Though the yield of the olive should fail and the fields produce no food,
Though the flock should be cut off from the fold and there be no cattle in the stalls,
Yet I will exult in the Lord, I will rejoice in the God of my salvation! Habukkuk 3:17-18
In the midst of trying to provide advice, it’s nice to know that God has everything already figured out and that He’s always in control. Even in the midst of this, He is always good!
The rain was welcome on Thursday but the wind and hail damage that came were devastating to a good portion of the County. I’m so sorry to all of you affected….for some of you, this is two years in a row of severely hail damaged or totaled out crops. We are thankful the damage wasn’t worse. You can see more pictures here.
So the big question is what do you do now? Ultimately, each field will need to be assessed on a case by case basis. The following are our NebGuides for hail damage to corn and soybeans. For the most part we were in brown-silk to blister for corn and late pod-beginning seed in soybean (R4-R5). The concerns I have right now are stalk quality, disease, grain filling, and the amount of diseased grain we may have due to mushy areas on hail-damaged cobs right now. Several years ago, we watched how severely hail-damaged corn a little later in the season turned brown and died. We also know that southern rust is in the area and while much of the leaf tissue in the County is damaged, it is still in the County in other fields and south of us. The Puccinia polysora fungus that causes southern rust, when severe enough, will infect and cause pustules on the stalks. With the wounding and low leaf area for photosynthesis, stalk strength is a concern and fungicides may be a consideration depending on potential yield loss-again need to assess on a field by field basis.
I talked with a number of people on Friday regarding thoughts on silage, green chop, haying/baling, planting cover crops, etc. Dr. Bruce Anderson, UNL Extension Forage Specialist, said the most common salvage operation for corn damaged by hail, wind, drought, or other calamities is to chop it for silage. Don’t be in a hurry, though. Standing corn currently could be over 80 percent moisture. The easiest way, and maybe the best way, to lower moisture content is simply wait until some stalks start to turn brown. Waiting also allows surviving corn to continue to add tonnage.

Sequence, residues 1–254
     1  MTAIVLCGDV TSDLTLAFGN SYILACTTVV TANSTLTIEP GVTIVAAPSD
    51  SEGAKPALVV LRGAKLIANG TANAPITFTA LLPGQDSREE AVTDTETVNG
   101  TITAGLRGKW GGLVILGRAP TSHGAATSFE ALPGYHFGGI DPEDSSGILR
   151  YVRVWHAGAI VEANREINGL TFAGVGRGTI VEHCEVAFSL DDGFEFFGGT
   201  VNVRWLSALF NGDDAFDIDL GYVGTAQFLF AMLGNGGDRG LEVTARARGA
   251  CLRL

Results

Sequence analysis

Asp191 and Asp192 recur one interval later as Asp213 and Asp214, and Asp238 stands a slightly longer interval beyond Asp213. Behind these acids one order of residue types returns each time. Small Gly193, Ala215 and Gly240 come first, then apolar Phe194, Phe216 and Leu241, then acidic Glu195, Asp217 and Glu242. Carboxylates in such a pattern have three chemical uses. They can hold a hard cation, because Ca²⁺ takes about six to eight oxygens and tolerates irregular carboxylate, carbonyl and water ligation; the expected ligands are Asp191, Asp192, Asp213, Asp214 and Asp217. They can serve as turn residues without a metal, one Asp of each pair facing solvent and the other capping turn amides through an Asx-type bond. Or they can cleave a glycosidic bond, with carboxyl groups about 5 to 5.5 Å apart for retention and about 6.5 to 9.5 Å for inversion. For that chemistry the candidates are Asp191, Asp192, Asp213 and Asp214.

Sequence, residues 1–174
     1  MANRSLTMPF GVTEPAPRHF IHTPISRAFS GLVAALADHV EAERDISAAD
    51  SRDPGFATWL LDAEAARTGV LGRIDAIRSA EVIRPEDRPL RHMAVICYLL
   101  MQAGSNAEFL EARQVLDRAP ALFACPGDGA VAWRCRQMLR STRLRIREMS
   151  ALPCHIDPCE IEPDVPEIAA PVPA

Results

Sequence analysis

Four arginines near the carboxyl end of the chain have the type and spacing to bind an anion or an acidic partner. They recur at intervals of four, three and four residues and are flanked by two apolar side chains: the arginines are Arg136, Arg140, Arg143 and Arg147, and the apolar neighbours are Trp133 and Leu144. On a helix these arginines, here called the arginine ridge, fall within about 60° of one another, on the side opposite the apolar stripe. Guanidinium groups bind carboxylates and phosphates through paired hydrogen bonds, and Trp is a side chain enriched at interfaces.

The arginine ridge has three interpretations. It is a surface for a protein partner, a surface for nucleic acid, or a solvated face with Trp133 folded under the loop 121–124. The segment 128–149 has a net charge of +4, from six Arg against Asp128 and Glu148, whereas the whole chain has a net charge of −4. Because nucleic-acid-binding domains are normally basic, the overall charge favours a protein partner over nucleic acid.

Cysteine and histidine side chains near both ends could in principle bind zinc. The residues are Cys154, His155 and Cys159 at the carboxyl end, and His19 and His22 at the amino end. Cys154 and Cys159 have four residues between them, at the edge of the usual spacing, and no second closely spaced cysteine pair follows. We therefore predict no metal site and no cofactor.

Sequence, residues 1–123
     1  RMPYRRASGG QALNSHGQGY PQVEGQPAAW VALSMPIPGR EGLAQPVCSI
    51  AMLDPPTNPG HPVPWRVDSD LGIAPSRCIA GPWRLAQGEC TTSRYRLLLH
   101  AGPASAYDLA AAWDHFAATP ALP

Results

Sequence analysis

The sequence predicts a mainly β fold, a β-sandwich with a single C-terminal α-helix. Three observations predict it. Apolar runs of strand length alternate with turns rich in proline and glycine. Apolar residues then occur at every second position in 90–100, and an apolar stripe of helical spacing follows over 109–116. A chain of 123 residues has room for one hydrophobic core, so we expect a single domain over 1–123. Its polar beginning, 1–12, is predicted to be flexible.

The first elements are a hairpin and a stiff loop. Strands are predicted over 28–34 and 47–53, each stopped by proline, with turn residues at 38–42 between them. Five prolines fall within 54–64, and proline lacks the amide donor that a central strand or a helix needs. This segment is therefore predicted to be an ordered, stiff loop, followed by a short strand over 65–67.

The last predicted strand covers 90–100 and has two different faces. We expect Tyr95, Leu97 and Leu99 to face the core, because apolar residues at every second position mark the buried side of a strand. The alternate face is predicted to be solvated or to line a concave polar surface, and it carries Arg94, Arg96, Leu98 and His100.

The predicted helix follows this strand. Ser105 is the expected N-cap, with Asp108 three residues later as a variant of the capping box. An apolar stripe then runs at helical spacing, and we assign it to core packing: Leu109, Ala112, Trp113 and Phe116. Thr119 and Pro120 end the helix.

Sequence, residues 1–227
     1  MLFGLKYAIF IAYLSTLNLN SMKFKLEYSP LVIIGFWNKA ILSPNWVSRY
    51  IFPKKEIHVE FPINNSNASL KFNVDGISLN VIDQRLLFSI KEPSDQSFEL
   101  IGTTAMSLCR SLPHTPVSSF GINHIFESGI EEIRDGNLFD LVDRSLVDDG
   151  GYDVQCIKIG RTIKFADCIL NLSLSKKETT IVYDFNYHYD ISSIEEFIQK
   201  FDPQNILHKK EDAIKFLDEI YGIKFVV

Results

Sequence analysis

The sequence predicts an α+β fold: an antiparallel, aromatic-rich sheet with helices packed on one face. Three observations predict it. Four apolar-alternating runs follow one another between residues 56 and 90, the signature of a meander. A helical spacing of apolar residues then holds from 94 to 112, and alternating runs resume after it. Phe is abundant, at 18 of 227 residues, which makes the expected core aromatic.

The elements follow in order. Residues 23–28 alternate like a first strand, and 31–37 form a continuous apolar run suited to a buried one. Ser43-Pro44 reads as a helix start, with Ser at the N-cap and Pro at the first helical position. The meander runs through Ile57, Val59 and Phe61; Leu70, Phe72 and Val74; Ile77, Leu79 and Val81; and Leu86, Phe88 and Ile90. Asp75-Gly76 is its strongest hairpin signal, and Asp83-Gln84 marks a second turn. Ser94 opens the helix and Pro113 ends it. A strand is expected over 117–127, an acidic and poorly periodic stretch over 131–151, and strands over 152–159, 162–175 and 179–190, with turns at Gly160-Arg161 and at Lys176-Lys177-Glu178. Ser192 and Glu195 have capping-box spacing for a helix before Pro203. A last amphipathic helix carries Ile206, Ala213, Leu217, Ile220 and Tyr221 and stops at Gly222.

But in some of our damaged fields, I don’t think we can wait to make silage. Bruce also shared you can reduce moisture by windowing the crop and allow it to wilt one-half to one full day before chopping. You also could mix grain or chopped hay to freshly chopped corn to lower the moisture content. It takes quite a bit of material for mixing though – about 7 bushels of grain or 350 pounds of hay to lower each ton of silage down to 70 percent moisture from an original 80 percent moisture. That’s 7 bushels grain or 350 pounds of hay for each ton of silage.
Or, you can allow that windrowed corn to dry completely and bale it as hay. Be sure to test it for nitrates before feeding. Grazing might be the easiest way to use damaged corn, and this is a good way to extend your grazing season. You might even plant some corn grain or sorghum-sudangrass or oats and turnips between rows to grow more forage for grazing if you can wait until late fall before grazing. Be sure to introduce livestock slowly to this new forage by feeding them before turning in to reduce the chances of digestive problems. Also, strip graze the field to reduce trampling losses and get more grazing from the corn.